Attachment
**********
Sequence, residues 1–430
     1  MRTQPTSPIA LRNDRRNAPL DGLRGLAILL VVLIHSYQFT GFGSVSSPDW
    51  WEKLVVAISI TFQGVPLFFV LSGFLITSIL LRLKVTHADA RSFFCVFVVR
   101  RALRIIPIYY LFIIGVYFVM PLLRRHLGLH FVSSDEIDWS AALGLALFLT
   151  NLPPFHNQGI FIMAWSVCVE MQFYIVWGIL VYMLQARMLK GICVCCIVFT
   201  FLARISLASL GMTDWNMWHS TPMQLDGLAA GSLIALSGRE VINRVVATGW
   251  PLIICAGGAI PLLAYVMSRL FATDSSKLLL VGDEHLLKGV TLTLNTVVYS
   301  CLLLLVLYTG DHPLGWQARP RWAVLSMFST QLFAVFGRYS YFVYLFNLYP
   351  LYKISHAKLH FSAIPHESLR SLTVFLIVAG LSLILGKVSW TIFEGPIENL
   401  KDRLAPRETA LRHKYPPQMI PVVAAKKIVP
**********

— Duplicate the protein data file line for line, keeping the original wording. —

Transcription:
Sequence, residues 1–430
     1  MRTQPTSPIA LRNDRRNAPL DGLRGLAILL VVLIHSYQFT GFGSVSSPDW
    51  WEKLVVAISI TFQGVPLFFV LSGFLITSIL LRLKVTHADA RSFFCVFVVR
   101  RALRIIPIYY LFIIGVYFVM PLLRRHLGLH FVSSDEIDWS AALGLALFLT
   151  NLPPFHNQGI FIMAWSVCVE MQFYIVWGIL VYMLQARMLK GICVCCIVFT
   201  FLARISLASL GMTDWNMWHS TPMQLDGLAA GSLIALSGRE VINRVVATGW
   251  PLIICAGGAI PLLAYVMSRL FATDSSKLLL VGDEHLLKGV TLTLNTVVYS
   301  CLLLLVLYTG DHPLGWQARP RWAVLSMFST QLFAVFGRYS YFVYLFNLYP
   351  LYKISHAKLH FSAIPHESLR SLTVFLIVAG LSLILGKVSW TIFEGPIENL
   401  KDRLAPRETA LRHKYPPQMI PVVAAKKIVP